How do you share the road?
Well, in Florida, there are several established road rules for that.
And today, we’re going to look at those rules. We’ll tell you everything you need to know about sharing the road with:
- School buses
- Emergency vehicles
- Funeral processions
- Public transits
It’s so important to know all this as it can help you avoid accidents, as well as be the safest driver you can be.
So are you ready to learn the Florida road rules?
Let’s dive right in!
Sharing the Road with Pedestrians
Before anything else, let’s define who pedestrians are in Florida. Typically, these are people walking on the streets. However, the term also applies to skaters and skateboards in a crosswalk or a driveway.
That out of the way, keep these things in mind when dealing with pedestrians:
- Florida’s regulations require you to yield for pedestrians. You must stop as they cross a street or driveway. It applies to all marked crossings, driveways, and intersections. You must also give way to pedestrians when leaving or entering a driveway, alley, or private road.
- When the traffic light turns red, make sure you don’t block the crosswalk. Even having a portion of your car overhanging the crosswalk is considered blocking.
- If the vehicle in front of you stops to give way to a crossing pedestrian, you cannot overtake and pass it. It’s best to be on the side of caution when you see a car stop before a crosswalk. Even if you don’t see anyone on the street, assume that a pedestrian may be crossing.
- Watch out for pedestrians in the crosswalk when you’re about to turn right on a red signal. Make sure to stop and look both ways before proceeding.
- Several scenarios require you to use extreme caution, come to a complete stop, and yield the right-of-way. These include the following:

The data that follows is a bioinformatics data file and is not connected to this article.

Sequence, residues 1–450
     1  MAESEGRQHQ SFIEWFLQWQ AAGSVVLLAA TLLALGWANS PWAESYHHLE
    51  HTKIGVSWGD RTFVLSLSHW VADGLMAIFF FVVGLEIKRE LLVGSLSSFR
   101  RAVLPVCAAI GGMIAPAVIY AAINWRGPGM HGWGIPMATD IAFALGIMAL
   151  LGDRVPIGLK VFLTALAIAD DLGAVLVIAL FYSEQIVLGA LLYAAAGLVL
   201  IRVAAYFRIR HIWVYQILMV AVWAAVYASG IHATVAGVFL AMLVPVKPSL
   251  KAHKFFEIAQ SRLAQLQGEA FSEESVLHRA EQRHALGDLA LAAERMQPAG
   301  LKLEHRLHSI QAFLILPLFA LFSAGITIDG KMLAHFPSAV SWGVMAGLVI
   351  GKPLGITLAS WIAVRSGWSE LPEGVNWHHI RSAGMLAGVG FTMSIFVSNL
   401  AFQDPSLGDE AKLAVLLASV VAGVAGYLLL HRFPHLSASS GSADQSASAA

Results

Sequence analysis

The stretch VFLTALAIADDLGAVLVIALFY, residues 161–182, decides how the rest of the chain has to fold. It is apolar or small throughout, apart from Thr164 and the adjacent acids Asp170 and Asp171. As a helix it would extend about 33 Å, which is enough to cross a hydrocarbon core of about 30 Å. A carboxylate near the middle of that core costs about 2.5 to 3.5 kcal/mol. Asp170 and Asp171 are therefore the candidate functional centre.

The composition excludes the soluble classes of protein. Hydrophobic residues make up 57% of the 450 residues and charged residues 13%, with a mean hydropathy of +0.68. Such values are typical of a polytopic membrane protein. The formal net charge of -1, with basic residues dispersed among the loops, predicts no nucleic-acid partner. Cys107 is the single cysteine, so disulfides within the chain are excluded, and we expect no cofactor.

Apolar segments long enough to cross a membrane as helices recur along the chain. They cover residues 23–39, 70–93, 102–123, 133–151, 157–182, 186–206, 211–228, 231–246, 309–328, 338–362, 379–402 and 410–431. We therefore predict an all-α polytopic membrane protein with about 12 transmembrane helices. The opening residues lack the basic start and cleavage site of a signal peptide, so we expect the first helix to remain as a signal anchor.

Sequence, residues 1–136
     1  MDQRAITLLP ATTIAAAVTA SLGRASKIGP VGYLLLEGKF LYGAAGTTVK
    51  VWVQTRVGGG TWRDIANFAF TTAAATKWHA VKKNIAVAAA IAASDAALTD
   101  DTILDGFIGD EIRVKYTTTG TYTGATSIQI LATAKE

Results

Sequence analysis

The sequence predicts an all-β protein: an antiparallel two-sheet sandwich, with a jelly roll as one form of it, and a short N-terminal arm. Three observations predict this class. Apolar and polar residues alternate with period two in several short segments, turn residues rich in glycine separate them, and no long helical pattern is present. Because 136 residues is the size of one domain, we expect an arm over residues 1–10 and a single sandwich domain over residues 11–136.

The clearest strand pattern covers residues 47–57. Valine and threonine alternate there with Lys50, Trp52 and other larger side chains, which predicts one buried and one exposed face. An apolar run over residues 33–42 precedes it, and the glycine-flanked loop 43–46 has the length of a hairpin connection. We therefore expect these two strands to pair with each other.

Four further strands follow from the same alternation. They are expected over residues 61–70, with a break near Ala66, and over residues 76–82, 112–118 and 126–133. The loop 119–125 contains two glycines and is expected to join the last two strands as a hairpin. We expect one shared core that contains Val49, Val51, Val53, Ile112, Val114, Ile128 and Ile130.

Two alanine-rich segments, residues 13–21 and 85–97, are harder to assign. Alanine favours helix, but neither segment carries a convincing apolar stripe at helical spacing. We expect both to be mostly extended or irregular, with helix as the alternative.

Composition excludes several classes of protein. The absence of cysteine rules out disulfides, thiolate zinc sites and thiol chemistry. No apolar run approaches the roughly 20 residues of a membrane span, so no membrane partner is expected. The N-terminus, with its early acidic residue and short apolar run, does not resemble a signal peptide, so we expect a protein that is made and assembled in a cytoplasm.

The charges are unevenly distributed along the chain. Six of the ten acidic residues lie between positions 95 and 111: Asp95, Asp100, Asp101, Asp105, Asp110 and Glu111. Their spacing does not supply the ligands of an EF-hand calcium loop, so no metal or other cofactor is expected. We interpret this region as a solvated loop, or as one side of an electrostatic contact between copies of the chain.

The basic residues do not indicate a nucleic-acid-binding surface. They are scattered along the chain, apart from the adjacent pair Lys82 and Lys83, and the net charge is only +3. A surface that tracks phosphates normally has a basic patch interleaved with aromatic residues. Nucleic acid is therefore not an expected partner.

- When you see a visually-impaired pedestrian. Some have service animals guiding them or carrying red-tipped white canes.
- When encountering someone with limited mobility, such as individuals using a walker, a crutch, or a wheelchair.
- When there are children on the road
- When the pedestrian appears confused or incapacitated
Sharing the Road with Bicycles
Florida considers a bicycle a vehicle, so you must follow the same rules and regulations as someone who drives a car.
Here are the guidelines to follow:
- You must have at least 3 feet of space between you and a bicyclist. Ensure that you slow down or drive with caution when sharing the road with them.
- Pass a bicyclist like you would a slow-moving vehicle on a two-lane street.
- Assume that a bicyclist will continue traveling forward at an intersection unless they signal otherwise. Treat them like any other vehicle and yield when necessary.
- Yield right-of-way if you’re crossing a bike lane when turning. Continue only when the bicyclist passes.
- Be considerate of bicyclists. Avoid honking as it may startle them, and don’t use your high beams when you see them approaching.
- Check your surroundings for bicyclists before opening your door when getting in or out of your car.
Sharing the Road with School Buses
If there’s one thing you must remember when sharing the road with a school bus, it’s…
You cannot pass a school bus when it displays a stop signal.
Here’s how it plays out:
For two-way streets or a highway: all traffic in both directions must stop if a school bus is dropping off or picking up children. You cannot resume driving unless the bus withdraws the sign. You must also ensure there are no children on the road.
For roads separated by a raised barrier: you do not have to stop if you are traveling in a direction opposite the bus. This also applies if an unpaved space acts as a divider as long as it’s at least 5 feet wide. However, if you’re on the same side as the bus, you must stop and remain so until it withdraws its sign.
Sharing the Road with Emergency Vehicles
Emergency vehicles include ambulances, fire engines, and other vehicles that use sirens or flashing lights.
The law requires you to yield the right-of-way when you share Florida’s roadways with emergency vehicles. That means pulling over to the nearest roadway edge and stopping.